June 23, 2010

The Mind Abhors a Vacuum

THE HUMAN mind will not allow a condition of "no explanation" — especially of significant events. When something happens, you explain it to yourself. Everybody does. You can't help it. Events cannot remain unexplained in your mind.

The explanation is about what caused the events. Here are three experiments that illustrate this principle in action:

The first example has to do with split-brain patients — people who have had their corpus callosum severed (the bundle of nerve fibers that connect the right and left hemispheres of their brains). The corpus callosum allows the two halves of the brain to communicate with each other.

A particular kind of severe epilepsy is stopped by this extreme surgery. For the most part, the split-brain patients don't notice anything different. But once in awhile it becomes apparent. For example, the left hand will reach for something and the right hand will try to stop it from reaching. The right hand is controlled by the left hemisphere and the left hand is controlled by the right hemisphere. So the two hemispheres sometimes conflict with each other.

The right hemisphere does not speak. The language center is the in left hemisphere.

Okay, now that you have that background information, I can tell you about the experiment. The split-brain patients were shown two different photographs, one to each eye (there was a divider between the eyes so the two sides of the brain saw different pictures). Then they were shown a table covered with of photographs of different things. Their task was to point to a picture that went with the photograph they just saw.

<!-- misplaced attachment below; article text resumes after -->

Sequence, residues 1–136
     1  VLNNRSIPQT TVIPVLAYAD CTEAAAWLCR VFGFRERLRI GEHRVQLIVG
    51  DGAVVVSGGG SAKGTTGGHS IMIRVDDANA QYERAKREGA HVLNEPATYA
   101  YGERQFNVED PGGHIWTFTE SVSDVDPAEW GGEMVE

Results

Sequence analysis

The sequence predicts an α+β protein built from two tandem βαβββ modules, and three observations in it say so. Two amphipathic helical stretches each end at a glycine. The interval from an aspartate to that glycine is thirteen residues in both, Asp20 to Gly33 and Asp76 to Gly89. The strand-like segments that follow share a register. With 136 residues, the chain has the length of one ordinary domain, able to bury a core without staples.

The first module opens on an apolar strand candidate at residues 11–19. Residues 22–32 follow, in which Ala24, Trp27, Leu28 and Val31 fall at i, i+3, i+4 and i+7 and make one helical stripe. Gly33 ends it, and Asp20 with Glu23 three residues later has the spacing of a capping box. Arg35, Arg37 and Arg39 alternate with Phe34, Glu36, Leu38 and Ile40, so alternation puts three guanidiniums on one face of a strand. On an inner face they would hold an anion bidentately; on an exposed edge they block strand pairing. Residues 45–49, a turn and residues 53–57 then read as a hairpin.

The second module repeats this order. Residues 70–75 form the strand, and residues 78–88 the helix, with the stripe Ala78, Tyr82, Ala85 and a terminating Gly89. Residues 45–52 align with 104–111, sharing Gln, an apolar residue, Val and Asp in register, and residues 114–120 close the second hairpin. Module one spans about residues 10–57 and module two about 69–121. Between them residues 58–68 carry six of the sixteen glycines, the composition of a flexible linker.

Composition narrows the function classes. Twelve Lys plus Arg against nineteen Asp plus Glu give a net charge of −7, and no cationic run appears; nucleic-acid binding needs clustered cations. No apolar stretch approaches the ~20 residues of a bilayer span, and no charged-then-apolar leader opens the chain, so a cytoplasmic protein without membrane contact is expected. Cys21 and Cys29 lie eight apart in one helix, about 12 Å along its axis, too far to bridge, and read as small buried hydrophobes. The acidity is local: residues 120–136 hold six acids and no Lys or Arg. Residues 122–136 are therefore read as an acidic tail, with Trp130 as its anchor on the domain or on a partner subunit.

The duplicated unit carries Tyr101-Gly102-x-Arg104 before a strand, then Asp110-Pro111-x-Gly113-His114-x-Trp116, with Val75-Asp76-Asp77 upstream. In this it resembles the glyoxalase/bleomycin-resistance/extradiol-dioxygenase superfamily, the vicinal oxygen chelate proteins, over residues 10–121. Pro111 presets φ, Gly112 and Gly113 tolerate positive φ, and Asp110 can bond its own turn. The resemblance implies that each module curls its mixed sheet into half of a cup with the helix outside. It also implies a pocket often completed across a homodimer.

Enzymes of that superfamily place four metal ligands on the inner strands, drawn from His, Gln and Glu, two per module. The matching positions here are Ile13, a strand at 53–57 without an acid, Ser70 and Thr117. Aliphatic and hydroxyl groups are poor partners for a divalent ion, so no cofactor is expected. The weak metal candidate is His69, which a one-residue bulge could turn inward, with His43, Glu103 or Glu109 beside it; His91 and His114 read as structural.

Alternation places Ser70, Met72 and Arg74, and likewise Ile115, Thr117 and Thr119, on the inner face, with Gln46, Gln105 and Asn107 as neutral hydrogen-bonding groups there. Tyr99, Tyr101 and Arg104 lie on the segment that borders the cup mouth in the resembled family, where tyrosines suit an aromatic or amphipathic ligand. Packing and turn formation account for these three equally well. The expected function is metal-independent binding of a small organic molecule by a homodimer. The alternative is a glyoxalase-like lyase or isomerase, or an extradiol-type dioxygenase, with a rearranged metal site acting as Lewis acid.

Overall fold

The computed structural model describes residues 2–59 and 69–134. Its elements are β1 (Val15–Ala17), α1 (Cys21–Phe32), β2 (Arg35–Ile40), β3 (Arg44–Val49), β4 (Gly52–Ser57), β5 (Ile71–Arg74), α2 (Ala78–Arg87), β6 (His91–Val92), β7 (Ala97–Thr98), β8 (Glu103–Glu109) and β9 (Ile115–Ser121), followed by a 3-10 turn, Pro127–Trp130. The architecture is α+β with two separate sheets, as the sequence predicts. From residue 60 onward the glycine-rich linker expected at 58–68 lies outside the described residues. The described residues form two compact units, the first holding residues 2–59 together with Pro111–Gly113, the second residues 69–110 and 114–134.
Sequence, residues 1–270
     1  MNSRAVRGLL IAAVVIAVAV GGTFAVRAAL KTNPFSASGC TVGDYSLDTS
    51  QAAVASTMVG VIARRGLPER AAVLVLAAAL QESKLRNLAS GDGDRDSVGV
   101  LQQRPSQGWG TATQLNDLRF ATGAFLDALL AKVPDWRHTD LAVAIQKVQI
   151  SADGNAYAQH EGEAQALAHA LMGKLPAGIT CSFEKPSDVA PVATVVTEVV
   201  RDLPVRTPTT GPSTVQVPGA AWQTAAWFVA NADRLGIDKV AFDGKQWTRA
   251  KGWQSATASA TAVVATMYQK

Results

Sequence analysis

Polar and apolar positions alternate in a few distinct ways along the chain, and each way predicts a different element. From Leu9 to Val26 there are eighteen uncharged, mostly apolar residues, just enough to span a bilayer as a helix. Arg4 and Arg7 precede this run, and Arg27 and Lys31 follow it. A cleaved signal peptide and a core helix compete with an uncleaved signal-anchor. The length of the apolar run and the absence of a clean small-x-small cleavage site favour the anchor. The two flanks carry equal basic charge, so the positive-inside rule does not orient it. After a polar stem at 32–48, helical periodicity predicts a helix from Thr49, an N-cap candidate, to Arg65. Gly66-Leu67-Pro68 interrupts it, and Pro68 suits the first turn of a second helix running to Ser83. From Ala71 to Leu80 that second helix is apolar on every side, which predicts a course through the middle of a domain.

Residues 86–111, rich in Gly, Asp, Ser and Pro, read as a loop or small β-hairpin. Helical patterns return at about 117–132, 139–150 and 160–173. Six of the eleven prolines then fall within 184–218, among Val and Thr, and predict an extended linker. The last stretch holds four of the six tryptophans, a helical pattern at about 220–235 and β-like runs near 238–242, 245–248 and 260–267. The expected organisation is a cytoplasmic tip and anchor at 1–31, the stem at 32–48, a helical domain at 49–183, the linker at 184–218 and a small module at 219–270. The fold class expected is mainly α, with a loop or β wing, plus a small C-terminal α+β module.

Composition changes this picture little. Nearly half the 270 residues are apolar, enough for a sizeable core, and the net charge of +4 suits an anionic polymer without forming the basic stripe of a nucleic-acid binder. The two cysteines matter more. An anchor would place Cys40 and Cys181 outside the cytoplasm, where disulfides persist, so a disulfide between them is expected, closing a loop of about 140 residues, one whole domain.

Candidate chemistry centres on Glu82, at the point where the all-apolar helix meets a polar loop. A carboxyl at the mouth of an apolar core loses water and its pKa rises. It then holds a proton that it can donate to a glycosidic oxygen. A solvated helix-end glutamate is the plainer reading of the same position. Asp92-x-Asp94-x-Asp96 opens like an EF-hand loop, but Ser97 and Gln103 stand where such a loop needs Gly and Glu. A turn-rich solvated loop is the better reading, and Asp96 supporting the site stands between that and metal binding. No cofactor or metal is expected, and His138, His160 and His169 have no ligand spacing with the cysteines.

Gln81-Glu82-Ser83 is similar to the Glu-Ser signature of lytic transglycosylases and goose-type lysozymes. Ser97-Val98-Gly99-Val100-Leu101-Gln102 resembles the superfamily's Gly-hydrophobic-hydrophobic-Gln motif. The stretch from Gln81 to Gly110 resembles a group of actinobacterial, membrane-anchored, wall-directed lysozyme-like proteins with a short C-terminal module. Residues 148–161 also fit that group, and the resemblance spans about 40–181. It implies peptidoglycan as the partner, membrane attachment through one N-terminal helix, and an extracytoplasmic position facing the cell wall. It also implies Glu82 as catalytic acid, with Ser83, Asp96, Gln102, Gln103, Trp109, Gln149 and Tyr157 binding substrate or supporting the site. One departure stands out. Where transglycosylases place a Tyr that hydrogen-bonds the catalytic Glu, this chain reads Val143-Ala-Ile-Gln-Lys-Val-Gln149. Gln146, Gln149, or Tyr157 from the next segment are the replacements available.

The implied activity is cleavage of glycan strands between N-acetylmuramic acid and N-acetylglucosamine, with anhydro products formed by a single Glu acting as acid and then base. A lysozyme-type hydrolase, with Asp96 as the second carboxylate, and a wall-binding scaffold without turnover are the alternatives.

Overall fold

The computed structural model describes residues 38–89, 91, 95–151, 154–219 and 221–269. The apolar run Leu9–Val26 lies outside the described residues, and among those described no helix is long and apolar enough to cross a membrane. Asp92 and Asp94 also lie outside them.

The left eye was shown a picture of a snow scene. The right eye saw a picture of a chicken. When they saw the table of photos, a strange thing happened: The right hand pointed to a chicken claw, and at the same time, the left hand pointed to a snow shovel. The hands pointed to correctly associated objects, but the two sides of the brain saw different pictures.

Now here's the interesting part: When the researcher asked the split-brain patients why they pointed at those objects, here is a typical answer: "The chicken claw goes with the chicken, and the shovel is for cleaning out the chicken shed."

In numerous similar experiments, it was shown again and again that the verbal left hemisphere of the brain is really good at explaining events given whatever information it has (even when it is missing some information), and it does so without hesitation.

Here's another, entirely different kind of experiment that shows the same thing. In this setting, a hypnotist sits with a student and hypnotizes him. While hypnotized, the student is given the suggestion that whenever the researcher touches his tie, the student will get up and close the door. Then the hypnotist says to the student, "you will not remember that I gave you this suggestion."

The student is awakened from the trance, and the two sit there and talk casually. At some point, the hypntoist touches his tie, and the student gets up and closes the door. When the hypnotist asks the student, "Why did you close the door?" the student always had a plausible answer. "I heard people talking down the hall," or "I was getting a little cold."

The experiment was repeated with many students, and always got the same results. The mind will fill in a vacuum of information, using what it knows, and it does this automatically.

One more experiment. This one took place in a dentist's office. Male pheromones were sprayed on one of the seats in the waiting room. As dental patients arrived, they sat down in one of the seats. More often than not, women sat on the sprayed seat, and men avoided the seat.

When asked why they sat where they sat, they all had an explanation, and none of the explanations had anything to do with smell (you can't actually smell pheromones anyway — they activate a nerve in your nose, but don't have an odor). People said things like, "I wanted to sit by the magazines," or "This seat is closer to the door," or whatever.

They explained what happened, given what they knew, even if some crucial information was not available to them.

What does all this have to do with defeating the third jihad? Check it out: What is the Root Cause of Islamic Terrorism?

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